Rose Beck needed residential dementia care at a moment’s notice and Symphony at Olmsted Falls answered

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You can’t always predict the exact moment your loved one will need dementia care, but you can be prepared. Find out how the team at Symphony at Olmsted Falls helped one family effortlessly navigate both. (Photography: Benjamin Margalit)

By Patricia Nugent

Oftentimes with dementia patients, the decision to move into a memory care facility comes with crisis and immediacy. It makes sense to be prepared.

Such is the case of 89-year-old Rose Beck.

When her husband passed away six years ago, she was in the early stages of Alzheimer’s. Her stepchildren knew she wanted to live in her home as long as possible, but they wanted to empower themselves by finding the right place for when the time came.

They toured Symphony at Olmsted Falls and loved it.

“The People Here are Wonderful”
“We met with the staff and toured the social areas and apartments, learning about the programming, too. We thought this place was an exceptional value,” says her stepson Mark Beck. “Rose was spry and strong, still healthy at that point. Her Alzheimer’s seemed to have plateaued after my father passed away. It’s said people with dementia feel comfortable in routines, and her routine was her four-bedroom Colonial home in Strongsville. She’s a bit of a loner, so we did everything to keep her in her place as long as possible. We had people come to the house daily. And I was stopping in about 15 times a week.”

Then, suddenly, the time came for her to move on January 3 of this year, when she fell and broke her wrist at home.

“We knew it would be a difficult transition, but the people here were wonderful,” says Mark. “They immediately took her into a respite suite, that eventually became her home. They bent over backward to be helpful.”

Mark says that the social aspects of Symphony at Olmsted have far exceeded his expectations.

“Mom has really come out of her shell,” he says. “Every time we come to visit, she’s down in the social room or eating with friends. She participates in all the different activities and has even been on a field trip already. She’s really come a long way.”

Danielle Ridgeway, director of sales and marketing at Symphony at Olmsted, was one of the people responsible for getting Rose a room within hours of that phone call from Mark.

“We worked with him to coordinate all the necessary steps to getting her settled here,” says Danielle. “Now Rose is thriving, gaining weight and really seems to be enjoying herself.”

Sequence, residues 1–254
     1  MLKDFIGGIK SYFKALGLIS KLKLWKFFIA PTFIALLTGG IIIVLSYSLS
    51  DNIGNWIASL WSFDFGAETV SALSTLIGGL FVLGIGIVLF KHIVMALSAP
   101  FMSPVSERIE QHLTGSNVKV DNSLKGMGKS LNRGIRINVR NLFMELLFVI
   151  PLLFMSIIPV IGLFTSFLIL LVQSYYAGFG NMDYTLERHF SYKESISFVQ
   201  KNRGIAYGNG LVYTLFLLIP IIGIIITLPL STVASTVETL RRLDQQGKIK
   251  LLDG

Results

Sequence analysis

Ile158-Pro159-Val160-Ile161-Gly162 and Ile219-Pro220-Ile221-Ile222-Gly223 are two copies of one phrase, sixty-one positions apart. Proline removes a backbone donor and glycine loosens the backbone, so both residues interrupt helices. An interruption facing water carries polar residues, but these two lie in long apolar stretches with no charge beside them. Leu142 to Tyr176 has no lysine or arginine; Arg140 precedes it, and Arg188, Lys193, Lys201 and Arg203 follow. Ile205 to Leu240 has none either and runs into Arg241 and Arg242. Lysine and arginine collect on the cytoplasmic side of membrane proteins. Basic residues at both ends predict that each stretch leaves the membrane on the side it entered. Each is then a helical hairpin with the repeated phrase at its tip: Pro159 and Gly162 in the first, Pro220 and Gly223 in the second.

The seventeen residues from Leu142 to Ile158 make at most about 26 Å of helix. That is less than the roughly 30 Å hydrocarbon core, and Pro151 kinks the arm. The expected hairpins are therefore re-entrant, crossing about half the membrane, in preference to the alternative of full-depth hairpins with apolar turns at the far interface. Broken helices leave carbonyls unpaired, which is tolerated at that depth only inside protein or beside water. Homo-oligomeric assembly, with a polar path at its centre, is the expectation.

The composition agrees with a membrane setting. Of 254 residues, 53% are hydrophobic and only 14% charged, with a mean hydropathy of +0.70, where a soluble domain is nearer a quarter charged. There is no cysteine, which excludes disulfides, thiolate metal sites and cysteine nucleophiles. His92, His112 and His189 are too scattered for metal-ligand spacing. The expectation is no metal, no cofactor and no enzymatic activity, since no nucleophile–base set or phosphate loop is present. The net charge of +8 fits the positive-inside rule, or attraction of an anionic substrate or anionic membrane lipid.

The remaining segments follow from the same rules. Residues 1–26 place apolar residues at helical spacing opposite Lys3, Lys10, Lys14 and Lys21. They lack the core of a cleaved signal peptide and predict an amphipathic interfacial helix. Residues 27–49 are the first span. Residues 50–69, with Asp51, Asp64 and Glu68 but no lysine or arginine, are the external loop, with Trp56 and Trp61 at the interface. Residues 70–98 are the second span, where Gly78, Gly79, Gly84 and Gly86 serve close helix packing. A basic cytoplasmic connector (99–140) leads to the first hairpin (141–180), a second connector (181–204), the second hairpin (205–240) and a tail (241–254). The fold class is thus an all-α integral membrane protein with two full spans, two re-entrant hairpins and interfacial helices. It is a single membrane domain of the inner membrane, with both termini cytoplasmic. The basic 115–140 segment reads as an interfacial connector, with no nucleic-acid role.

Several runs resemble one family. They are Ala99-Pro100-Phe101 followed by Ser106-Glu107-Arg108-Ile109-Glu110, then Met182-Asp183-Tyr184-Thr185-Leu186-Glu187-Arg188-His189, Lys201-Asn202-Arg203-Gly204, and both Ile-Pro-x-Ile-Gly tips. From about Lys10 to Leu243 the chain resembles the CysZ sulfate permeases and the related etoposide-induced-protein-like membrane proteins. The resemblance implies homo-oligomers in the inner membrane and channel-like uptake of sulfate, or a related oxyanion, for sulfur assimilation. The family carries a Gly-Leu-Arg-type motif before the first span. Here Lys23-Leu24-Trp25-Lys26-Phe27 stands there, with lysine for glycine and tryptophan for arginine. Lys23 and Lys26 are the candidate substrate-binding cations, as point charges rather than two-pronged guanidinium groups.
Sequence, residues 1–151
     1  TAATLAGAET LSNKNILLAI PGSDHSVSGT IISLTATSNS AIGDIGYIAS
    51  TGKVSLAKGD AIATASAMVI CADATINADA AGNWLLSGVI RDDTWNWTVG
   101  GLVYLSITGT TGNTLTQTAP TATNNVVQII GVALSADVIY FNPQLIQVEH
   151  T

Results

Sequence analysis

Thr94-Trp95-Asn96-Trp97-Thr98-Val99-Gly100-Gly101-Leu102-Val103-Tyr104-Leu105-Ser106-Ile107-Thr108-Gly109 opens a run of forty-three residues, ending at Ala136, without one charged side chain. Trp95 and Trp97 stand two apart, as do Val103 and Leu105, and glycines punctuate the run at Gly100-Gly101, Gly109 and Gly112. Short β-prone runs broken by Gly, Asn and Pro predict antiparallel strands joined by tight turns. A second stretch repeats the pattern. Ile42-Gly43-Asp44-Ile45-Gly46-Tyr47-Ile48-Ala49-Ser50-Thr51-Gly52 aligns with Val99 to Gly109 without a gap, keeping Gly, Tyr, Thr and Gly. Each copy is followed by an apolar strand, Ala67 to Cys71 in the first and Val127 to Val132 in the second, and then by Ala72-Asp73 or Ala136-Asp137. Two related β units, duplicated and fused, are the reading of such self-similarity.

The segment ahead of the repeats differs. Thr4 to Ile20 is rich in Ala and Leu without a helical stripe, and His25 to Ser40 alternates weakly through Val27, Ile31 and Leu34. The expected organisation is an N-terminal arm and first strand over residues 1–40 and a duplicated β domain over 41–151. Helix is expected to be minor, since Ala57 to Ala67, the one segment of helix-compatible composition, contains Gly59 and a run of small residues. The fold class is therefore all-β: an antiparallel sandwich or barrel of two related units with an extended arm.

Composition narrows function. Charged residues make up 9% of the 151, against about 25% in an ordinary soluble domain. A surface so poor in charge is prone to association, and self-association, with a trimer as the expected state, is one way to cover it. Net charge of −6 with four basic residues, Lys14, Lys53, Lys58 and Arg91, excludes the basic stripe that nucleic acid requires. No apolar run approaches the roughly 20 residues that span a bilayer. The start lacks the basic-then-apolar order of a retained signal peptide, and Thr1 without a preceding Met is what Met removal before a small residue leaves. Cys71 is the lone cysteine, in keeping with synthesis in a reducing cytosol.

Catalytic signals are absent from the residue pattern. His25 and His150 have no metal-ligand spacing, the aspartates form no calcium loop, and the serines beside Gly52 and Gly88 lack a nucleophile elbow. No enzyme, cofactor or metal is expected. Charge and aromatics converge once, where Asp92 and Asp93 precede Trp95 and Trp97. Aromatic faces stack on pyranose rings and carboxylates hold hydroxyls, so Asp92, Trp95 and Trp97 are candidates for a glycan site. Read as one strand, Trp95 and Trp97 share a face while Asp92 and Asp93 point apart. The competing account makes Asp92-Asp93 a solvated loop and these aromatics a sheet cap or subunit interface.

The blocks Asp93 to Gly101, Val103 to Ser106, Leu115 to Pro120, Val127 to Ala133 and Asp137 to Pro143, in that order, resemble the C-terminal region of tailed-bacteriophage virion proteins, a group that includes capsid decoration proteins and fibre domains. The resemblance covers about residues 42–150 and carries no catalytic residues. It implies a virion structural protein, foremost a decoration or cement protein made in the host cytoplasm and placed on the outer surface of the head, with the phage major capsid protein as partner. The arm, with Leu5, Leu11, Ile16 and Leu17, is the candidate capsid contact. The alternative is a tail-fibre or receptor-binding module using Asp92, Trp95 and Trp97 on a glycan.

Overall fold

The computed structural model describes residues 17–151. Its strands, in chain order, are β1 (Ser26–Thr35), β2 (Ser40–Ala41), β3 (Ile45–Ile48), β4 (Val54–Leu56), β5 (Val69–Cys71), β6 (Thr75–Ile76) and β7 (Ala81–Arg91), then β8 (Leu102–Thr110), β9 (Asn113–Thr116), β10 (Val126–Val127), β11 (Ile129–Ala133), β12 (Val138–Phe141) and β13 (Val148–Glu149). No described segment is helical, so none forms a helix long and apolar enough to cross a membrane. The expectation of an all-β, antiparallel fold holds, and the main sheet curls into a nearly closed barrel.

Symphony at Olmsted Falls is able to accept new patients at a moment’s notice. However, the team strongly recommends you tour facilities and put a plan in place to transition your loved one into care should the immediate need arise. Pictured above is Rose with her son Mark, who along with his siblings, was relieved to find the help his mom needed quickly.

Do Your Research, Take Tours
Executive Director Chrissy Grude says it’s invaluable for families to do their research and tour facilities in advance of needing one.

“When you have to make a stressful decision on the fly, with a loved one maybe in the hospital or rehab facility, it won’t be well thought out,” she says.

Chrissy notes they are uniquely designed and dedicated to serve those suffering from dementia, with licensed nurses and caregivers on duty, and security measures in place.

And with their In the Moment memory program, they make the most of each moment, getting to know residents and nurturing them.

“This program is different from traditional, outdated dementia care practices,” she explains. “We recognize each person we serve as unique, and we treat them as individuals, finding out about their history, likes and dislikes.”

Hitting the Great Outdoors Again
Situated less than a mile from downtown Olmsted Falls, Symphony’s gracious building—with a wide, welcoming, wraparound front porch—is tucked back into a quiet, tree-lined section of Elm Street.

Residents live in 44 spacious studios to enjoy time by themselves, or social time. A comprehensive host of services, from physical therapy to physicians, beauticians, rehab services, therapy dogs, cooking demonstrations and hospice are also available.

Adult Day Care folks at Symphony can participate in a variety of activities with the residents, including meals and snacks, crafts, field trips and entertainment.

With beautiful springtime weather arriving, residents are looking forward to spending more time outdoors within the brick-lined courtyard, planting their gardens and filling bird feeders for the colorful clientele.

Chrissy says plenty of field trips are on their spring docket, whether a day trip to the Vermilion boat or just lunch around town.

Symphony at Olmsted Falls boasts a beautiful and secure patio to enjoy.

One of the Few to Offer Day Care
Symphony’s Adult Day Club accommodates people seven days per week, half-day or full-day, or even by the hour if necessary. And they can also provide care services such as administering baths or showers.

“We try to stay as flexible as possible,” says Chrissy. “Our Day Clubbers come when best fits their schedule, whether that’s a few hours, or a day, or five days a week. They are fully integrated in all of the activities the residents enjoy, including meals and snacks, crafts, field trips and entertainment.”

If they need a nap, no problem, there are resting accommodations, too.

She says that once people are comfortable with the Day Club, they often transition to stay for respite care, and eventually segue into full-time care when the time comes.

Symphony at Olmsted Falls is located at 25880 Elm Street in Olmsted Falls. For more information, call 440-230-3591 or visit Ask about move-in specials. Their Facebook page offers helpful insights for navigating dementia.

Categories: Westside Smart Living